I’ve been thinking a lot about being an older woman who writes, edits, helps run a poetry journal, and uses social media. I don’t usually consider how old I am (late 50s) as I go about my daily life, because age is merely a state of mind, an acknowledgement I’ve had some time to consider how to be on this planet. But, of late, there has been a lot of discussion about older women successfully using their power more often and in more public ways. Glenn Close, 71, made news with her speech at the Golden Globes. Susan Zirinsky, 66, made news when she landed the job of taking over CBS. Nancy Pelosi, 78, has just been re-elected as Speaker of the House. I’m loving that these women are all older than I am and still making a difference.
That this is a topic of discussion at all is a good indicator of what I’ve known for a long time: women over 50 are often left out of consideration as people who do good work, embrace new technology, take risks, exude desirability. But we are here, doing our business with grace, skill, and compassion for those around us. We are here with an understanding of the power of gratitude as well as of the damage bitterness and anger can do, which is important since there’s plenty to be angry about. We are here with a sense of fearlessness because what do we have to lose by stepping up and out?
This topic wasn’t on my mind at all the day that my son-in-law made a comment about how much he disliked older people using YouTube while pretending to be young. I wasn’t quite sure what he meant, but his comment immediately followed my own story about the poetry journal I help run getting its own YouTube channel. I bristled and then got quiet because I may have misunderstood what he was really saying; there are plenty of people who pretend to be something they aren’t, especially if they don’t accept their own aging. It irritated me, nevertheless. Social media is there for anyone who understands how to use it, and older people that use it are not usually interested in pretending to be younger. I certainly don’t want to repeat my twenties, thank you very much. But I do want to know what new things I can learn and use to make life more interesting, get my work done, and maybe even make a difference somewhere. None of this was gender-specific; this was all about age.
It was right after that when I noticed the swirling discussion everywhere in the news about older women and visibility, power, working longer, ignoring the idea that it might be time to take up knitting. (Why is knitting associated with relaxing and retiring anyway? Knitting is complicated and creative and requires some strong concentration.) In an article that ran in the Minneapolis StarTribune on January 11, this whole idea of older women remaining healthy and productive was referred to as a demographic revolution. Really? Just living our lives as if we believe in our own importance is a revolution? Well, all right then. Count me in. I know damn well men who keep on working are viewed differently.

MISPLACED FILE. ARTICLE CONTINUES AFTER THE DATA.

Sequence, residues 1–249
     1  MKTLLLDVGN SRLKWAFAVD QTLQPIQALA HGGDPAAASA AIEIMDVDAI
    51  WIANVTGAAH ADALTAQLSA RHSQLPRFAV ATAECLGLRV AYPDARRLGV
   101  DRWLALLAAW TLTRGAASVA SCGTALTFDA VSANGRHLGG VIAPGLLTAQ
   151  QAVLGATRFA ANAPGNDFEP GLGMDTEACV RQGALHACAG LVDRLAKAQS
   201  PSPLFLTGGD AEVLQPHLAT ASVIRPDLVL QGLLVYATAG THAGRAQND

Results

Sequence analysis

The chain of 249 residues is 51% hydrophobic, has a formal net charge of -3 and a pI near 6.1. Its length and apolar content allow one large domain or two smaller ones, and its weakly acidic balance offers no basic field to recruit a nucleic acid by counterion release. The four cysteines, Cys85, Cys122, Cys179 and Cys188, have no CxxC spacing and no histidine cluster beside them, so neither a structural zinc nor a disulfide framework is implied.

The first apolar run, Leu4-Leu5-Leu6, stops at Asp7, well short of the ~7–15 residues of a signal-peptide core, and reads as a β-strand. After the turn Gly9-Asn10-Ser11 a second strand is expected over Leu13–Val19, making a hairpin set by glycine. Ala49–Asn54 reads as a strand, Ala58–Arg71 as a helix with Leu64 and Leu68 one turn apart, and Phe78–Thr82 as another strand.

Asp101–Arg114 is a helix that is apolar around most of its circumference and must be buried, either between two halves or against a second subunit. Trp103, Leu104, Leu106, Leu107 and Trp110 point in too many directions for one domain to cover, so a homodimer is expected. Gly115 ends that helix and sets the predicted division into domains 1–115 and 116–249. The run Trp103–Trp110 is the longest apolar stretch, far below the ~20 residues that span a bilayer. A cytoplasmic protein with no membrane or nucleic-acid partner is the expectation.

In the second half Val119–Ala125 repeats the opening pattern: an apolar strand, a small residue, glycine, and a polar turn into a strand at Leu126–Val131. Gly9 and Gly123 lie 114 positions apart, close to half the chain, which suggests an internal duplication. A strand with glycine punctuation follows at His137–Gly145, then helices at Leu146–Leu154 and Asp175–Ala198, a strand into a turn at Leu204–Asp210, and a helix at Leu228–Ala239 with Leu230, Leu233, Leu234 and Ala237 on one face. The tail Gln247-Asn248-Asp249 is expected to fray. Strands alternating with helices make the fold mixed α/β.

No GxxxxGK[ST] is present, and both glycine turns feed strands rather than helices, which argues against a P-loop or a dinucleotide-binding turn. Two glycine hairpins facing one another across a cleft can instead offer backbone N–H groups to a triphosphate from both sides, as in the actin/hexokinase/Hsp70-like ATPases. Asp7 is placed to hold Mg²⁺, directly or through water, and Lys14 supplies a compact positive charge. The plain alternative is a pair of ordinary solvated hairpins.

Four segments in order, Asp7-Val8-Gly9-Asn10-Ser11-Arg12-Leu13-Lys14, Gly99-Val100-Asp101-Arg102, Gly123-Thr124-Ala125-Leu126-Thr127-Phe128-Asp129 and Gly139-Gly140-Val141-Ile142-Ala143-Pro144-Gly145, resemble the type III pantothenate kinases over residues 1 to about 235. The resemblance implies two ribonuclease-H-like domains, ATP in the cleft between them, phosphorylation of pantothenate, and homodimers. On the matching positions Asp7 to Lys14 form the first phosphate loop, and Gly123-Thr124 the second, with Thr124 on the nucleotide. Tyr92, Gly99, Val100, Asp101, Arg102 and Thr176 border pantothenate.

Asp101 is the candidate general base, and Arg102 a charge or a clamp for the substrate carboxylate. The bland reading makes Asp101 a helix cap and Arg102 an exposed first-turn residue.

I then pondered how my co-editor and I made a decision not to have our photos on the masthead at our poetry journal because we didn’t want anyone to have a preconceived idea about what kind of work we did or would accept. We are both women over 50 and we absolutely came to that decision out of our experiences of being ignored or assumed to be something we aren’t because of our genders and ages. Just try going shopping for a new car. Take a guy with you and see which one of you gets talked to first. Yes, I had that specific experience not too long ago.
I’m rethinking that decision about not using our photos, although the point is still valid about not giving people ammunition to assume anything about us. I’m in the business of using words well, after all. Read my words first and then see if you can figure out who I am. But I’m torn between putting up my photo and captioning it with something like, yes, this is what your editor looks like, and leaving it all a mystery.
In the meantime, there’s a popular thing going around on Facebook: a photo of when people first joined the platform side-by-side with a current one to see how much everyone has aged. I don’t for the life of me see the point. Who cares how much we’ve aged? I’d much rather look at what we’ve done.
And then look forward to all the things left to do, like continuing to shatter ideas about ageism, sexism, and possibility.